|3.||Canon G9 X Mark II||-||stereo / mono||-||-||micro||2.0||Y||Y||Y|
|4.||Canon G9 X||-||stereo / mono||-||-||micro||2.0||Y||Y||-|
|5.||Leica Q Typ 116||Y||stereo / mono||-||-||micro||2.0||Y||Y||-|
|6.||Nikon B700||-||stereo / mono||-||-||micro||2.0||Y||Y||Y|
|7.||Nikon P900||-||stereo / mono||-||-||micro||2.0||Y||Y||-|
|8.||Olympus PEN-F||Y||stereo / mono||-||-||micro||2.0||Y||-||-|
|9.||Olympus E-M5 II||Y||stereo / mono||Y||-||micro||2.0||Y||-||-|
|10.||Olympus E-M1||Y||stereo / mono||Y||-||micro||2.0||Y||-||-|
|11.||Olympus E-M5||Y||stereo / mono||-||-||mini||2.0||-||-||-|
|12.||Panasonic TZ90||-||stereo / mono||-||-||micro||2.0||Y||-||-|
|13.||Panasonic FZ2000||Y||stereo / mono||Y||Y||micro||2.0||Y||-||-|
|14.||Panasonic GX8||Y||stereo / mono||Y||-||micro||2.0||Y||Y||-|
|15.||Sony HX350||-||stereo / mono||-||-||micro||2.0||-||-||-|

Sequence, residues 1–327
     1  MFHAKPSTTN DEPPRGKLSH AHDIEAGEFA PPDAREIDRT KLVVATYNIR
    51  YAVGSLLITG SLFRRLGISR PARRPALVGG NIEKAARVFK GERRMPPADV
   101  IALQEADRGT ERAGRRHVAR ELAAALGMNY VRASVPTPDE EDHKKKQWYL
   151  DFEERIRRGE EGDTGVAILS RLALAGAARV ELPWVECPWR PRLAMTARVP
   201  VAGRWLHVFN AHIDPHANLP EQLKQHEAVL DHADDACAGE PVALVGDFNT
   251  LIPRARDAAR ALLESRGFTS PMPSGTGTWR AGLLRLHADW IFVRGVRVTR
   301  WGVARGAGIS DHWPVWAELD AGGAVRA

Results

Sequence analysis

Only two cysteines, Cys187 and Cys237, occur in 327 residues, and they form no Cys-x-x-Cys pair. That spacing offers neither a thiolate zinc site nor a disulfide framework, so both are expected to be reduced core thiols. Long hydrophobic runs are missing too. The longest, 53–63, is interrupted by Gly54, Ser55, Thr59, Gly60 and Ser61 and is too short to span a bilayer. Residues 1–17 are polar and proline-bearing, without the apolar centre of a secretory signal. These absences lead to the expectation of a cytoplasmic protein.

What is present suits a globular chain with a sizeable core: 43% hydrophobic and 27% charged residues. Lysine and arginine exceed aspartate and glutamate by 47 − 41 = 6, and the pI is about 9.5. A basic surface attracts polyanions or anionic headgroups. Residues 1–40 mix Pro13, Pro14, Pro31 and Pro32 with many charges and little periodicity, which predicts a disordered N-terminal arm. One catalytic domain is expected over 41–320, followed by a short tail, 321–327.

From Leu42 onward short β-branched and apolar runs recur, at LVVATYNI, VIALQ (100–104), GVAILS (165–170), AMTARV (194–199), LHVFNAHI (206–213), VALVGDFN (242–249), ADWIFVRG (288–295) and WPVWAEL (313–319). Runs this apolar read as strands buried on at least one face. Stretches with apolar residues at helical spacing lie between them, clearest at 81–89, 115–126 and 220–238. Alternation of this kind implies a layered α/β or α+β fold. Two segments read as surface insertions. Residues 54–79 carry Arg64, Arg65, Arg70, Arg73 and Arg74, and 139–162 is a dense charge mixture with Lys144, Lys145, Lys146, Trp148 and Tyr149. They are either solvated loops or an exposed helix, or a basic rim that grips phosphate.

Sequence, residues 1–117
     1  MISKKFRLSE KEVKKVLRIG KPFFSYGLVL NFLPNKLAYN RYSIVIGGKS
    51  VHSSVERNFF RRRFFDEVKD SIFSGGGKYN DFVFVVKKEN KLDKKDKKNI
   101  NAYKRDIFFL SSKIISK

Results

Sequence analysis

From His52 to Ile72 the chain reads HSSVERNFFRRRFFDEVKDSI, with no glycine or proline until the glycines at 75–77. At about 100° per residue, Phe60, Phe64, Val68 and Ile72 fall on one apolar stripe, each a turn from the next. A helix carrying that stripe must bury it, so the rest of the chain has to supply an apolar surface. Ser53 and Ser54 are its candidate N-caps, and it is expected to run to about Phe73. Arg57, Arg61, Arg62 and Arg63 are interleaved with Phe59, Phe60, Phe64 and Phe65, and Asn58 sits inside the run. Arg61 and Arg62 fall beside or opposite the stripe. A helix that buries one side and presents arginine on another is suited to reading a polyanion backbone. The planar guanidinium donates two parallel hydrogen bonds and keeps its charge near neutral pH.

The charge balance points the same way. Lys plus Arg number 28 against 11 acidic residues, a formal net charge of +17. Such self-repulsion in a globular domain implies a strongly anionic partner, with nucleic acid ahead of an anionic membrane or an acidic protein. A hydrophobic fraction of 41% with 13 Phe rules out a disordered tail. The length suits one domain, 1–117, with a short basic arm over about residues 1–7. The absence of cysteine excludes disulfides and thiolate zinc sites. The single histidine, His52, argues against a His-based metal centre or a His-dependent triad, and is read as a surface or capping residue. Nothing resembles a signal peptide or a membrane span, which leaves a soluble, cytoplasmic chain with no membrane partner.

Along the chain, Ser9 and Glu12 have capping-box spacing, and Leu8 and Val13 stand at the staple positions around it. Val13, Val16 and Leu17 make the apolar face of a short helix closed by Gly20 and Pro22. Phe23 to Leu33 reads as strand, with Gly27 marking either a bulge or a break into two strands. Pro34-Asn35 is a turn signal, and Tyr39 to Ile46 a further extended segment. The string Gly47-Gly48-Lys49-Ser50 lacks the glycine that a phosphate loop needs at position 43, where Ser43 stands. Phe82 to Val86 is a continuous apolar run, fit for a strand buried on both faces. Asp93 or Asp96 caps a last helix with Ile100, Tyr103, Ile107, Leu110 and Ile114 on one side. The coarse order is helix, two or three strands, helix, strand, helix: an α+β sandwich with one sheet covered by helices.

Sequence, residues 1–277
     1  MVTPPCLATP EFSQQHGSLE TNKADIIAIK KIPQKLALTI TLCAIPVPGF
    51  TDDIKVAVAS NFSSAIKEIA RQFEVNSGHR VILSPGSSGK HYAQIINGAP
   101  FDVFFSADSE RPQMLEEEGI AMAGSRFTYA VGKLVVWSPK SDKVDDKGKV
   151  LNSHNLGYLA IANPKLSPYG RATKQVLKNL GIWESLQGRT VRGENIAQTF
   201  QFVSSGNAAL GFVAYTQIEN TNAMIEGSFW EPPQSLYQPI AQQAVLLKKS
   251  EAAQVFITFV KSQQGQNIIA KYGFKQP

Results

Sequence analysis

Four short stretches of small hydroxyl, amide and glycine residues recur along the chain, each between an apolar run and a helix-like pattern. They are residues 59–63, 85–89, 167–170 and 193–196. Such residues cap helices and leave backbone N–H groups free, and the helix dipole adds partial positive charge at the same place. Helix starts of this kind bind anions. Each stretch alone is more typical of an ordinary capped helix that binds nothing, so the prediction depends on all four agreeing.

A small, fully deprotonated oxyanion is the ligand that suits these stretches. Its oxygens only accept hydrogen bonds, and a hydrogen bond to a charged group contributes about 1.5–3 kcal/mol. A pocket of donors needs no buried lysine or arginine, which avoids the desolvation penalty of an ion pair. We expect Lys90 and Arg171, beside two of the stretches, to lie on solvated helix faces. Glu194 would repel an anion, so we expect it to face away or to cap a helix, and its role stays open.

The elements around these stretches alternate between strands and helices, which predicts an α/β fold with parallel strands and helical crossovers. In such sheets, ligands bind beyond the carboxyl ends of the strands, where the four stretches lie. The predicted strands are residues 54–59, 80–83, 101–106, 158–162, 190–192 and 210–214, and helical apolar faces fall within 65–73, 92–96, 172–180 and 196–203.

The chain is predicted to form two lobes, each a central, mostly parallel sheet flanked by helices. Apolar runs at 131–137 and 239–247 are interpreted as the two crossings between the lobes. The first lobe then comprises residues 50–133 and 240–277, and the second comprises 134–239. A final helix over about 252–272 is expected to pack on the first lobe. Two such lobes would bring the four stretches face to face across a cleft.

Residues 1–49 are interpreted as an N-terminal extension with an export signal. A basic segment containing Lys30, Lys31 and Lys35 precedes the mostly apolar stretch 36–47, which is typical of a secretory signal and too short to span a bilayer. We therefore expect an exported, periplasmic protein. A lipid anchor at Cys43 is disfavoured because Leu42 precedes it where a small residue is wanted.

|16.||Sony HX90V||-||stereo / mono||-||-||micro||2.0||Y||Y||-|
|17.||Sony HX400V||Y||stereo / mono||-||-||micro||2.0||Y||Y||-|
It is notable that the E-M5 III has a microphone port, which can help to improve the quality of audio recordings by attaching an external microphone. The AZ901 does not feature such a mic input.
Both the AZ901 and the E-M5 III are recent models that are part of the current product line-up. The AZ901 replaced the earlier Kodak AZ651, while the E-M5 III followed on from the Olympus E-M5 II. Further information on the two cameras (e.g. user guides, manuals), as well as related accessories, can be found on the official Kodak and Olympus websites.